Public Assembly on Safer Roads for Everyone

Velo-Quebec Project Manager Said Montreal Needs Bike Path “Reflex”

  • Close to a hundred people gathered in the conference room of the Alternatives Action Communication Network for International Development, in downtown Montreal, on Wednesday Oct. 27, for a public assembly called, “who rules the road.” Photo Pat Cahill

  • Photo Pat Cahill

“We’re tired of promises, we’re tired of plans, we’re tired of PR. We want actions,” said organizer Nathan McDonnell.“Every year 700 cyclists are sent to the hospital, and 1,200 pedestrians just in Montreal.”

Close to a hundred people gathered in the conference room of the Alternatives Action Communication Network for International Development, in downtown Montreal, on Wednesday Oct. 27, for a public assembly called, “who rules the road.”

Alternatives, a Quebec based international solidarity group, promotes democratic rights, environmental sustainability and and human dignity.

This assembly about safety on the Montreal roads for cyclists and pedestrians started with a panel formed of five members brought in by the Building Community, a popular education committee of the Milton Parc Citizens’ Committee.

The panel included city councillors Alex Norris and Marc-André Gadoury, as well as an expert on bicycle urbanism, and an advocate for pedestrians and a representative from Vélo-Québec. The packed room sent a clear message through the night, being highly concerned by their security as cyclists or pedestrians.

Michael Wexler from Copenhagenize Design Company presented the results from a study of some Montreal intersections.

“Streets are democratic places,” said Wexler, meaning that people express how they use the roads without being asked. Wexler gave examples such as paths created through a patch of grass instead of around it.

Michael Wexler is from Copenhagenize Design Company. He presented the results from a study of some Montreal intersections. Photo Pat Cahill

Studies like these strengthen the comprehension of how cyclists use roads, and give important clues as to how the infrastructures should be modified to meet people’s behaviour, according to Wexler. The technique also allows the identification of “counter flow interactions,” which is where accidents or near misses can happen.

The panel seemed to agree on the necessity of modifying infrastructures to protect the cyclists. Magali Bébronne from Vélo-Québec said the number of trips made on a bicycle has increased by 57 per cent between 2008 and 2013. A number that clearly says of the issue of cyclists’ safety won’t be fading away anytime soon.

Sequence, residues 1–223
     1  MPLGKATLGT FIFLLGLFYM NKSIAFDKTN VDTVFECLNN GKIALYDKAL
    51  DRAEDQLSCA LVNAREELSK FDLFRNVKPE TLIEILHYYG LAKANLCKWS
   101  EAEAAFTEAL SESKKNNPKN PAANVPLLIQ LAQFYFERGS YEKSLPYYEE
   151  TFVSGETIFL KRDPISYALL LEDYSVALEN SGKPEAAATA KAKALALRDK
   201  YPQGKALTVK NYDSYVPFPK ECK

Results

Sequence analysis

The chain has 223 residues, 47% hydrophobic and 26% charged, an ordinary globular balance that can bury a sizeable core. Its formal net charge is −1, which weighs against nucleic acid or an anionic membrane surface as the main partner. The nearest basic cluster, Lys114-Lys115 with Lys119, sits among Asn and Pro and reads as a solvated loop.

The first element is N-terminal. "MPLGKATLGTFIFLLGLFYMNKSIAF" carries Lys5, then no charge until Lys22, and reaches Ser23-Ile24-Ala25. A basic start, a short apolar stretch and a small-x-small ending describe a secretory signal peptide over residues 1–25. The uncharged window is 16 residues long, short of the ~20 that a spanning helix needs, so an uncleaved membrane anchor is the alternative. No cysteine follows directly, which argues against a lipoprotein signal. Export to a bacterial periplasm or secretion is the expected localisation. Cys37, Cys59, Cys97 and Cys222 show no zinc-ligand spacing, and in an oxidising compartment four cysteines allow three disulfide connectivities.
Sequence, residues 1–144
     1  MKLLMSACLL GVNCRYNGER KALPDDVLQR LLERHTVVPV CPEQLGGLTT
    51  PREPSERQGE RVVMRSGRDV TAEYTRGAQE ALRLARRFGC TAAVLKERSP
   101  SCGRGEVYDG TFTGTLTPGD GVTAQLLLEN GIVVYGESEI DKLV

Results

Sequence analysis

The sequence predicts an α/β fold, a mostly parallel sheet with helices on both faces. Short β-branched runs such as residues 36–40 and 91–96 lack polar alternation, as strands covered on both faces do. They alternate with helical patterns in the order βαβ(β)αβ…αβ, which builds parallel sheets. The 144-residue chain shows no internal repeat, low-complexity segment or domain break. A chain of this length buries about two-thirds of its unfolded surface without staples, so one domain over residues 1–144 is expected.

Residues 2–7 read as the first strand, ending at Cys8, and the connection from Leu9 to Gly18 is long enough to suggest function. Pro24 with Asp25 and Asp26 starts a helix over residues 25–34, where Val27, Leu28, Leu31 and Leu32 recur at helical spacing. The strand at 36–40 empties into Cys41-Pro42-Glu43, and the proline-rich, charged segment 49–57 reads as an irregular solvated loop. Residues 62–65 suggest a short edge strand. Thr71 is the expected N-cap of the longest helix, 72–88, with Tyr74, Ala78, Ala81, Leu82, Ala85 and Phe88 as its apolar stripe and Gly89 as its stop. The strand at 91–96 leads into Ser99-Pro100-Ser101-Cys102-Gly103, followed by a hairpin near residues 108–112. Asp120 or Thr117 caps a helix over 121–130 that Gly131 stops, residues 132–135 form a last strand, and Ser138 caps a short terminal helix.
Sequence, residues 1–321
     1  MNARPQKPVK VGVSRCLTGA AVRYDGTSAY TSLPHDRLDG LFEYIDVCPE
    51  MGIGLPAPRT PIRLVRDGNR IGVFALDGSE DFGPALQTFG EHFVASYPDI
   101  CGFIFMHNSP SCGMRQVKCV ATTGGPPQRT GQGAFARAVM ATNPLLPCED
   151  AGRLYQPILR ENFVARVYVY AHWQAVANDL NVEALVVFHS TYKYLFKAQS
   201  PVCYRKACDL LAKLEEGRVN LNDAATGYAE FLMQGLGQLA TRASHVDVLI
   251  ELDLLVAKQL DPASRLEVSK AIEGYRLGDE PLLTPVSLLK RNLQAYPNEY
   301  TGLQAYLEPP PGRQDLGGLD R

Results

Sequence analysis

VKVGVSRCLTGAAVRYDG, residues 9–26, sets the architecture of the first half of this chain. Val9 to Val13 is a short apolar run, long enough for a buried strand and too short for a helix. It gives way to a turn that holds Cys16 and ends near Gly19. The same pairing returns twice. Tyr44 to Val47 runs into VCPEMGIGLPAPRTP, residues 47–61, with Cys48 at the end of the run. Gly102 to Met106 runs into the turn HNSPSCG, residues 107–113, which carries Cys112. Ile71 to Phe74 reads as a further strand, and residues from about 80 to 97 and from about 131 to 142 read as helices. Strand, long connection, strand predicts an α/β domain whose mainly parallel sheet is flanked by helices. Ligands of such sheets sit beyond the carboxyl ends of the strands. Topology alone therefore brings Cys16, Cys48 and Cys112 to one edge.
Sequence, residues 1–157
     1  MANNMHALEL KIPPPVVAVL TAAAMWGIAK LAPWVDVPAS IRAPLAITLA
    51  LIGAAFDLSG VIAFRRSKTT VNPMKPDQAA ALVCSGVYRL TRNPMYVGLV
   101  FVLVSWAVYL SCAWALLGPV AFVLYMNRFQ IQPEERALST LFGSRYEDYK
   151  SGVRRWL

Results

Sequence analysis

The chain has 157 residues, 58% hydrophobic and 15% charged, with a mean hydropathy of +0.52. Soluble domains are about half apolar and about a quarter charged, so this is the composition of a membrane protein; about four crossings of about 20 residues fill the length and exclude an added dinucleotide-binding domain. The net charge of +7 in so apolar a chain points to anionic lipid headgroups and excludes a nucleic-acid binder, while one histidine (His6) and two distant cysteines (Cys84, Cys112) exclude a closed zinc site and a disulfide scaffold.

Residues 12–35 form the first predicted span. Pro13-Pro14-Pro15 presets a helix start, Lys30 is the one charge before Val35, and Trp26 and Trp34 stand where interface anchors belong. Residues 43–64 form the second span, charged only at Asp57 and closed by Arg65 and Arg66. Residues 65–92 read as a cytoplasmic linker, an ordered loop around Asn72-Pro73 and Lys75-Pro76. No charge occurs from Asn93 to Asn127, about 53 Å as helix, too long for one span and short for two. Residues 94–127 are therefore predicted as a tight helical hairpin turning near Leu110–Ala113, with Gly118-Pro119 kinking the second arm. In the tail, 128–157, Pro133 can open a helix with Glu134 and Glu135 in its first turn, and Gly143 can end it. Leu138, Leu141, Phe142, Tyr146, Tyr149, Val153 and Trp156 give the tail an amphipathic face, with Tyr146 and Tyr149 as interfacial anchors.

Bébronne argued that in the making of infrastructure in Montreal, “the bicycle reflex is not quite acquired yet”, meaning that just as sidewalks are now integrated in the creation of roads. The same should happen to include bicycle paths.

In 2006, the Agence de la Santé et des Services Sociaux de Montréal—Montreal’s Health and Social Services Agency—published a report called “Urban Transportation, a Question of Health.”

In this report, the Agency said that the solutions to lowering the amount of accidents are to reduce the volume of car circulation, as well as the speed limit, and to create separated infrastructures.

Reducing the amount of cars on the road goes along with reducing parking availability, argued Bébronne, therefore encouraging people to consider alternatives to the use of a car.

Alexandra Coelho, project manager at the Montreal Urban Ecology Center, told the audience that for all trips of less than a kilometre, walking is the most efficient way of transport. This considered, 50 per cent of such trips are done by car in the bigger cities of the province.

The audience took all this information in, and had a lot to say on which solutions should be applied to the different intersections of Montreal. Wexler suggested that the suggestions of intersections to study be brought to him after the assembly. The two elected representatives present did not seem to take such notes while listening to the cyclists and pedestrians’ testimonies.

The will of the participants and the strength of their concerns for their safety gave a powerful impression. “It’s a public health crisis”, said city counselor Alex Norris, stating that Plateau Mont-Royal is the borough with the highest number of pedestrians and cyclists being hit by vehicles.

The solutions said to be in the making by the city councillors didn’t seem to satisfy the needs brought up by the pedestrians and cyclists present; the need for public consultation to personalize the modifications on the actual infrastructures. Such public consultations are not however part of the city’s plan to secure 500 locations of the road network in the next ten years.

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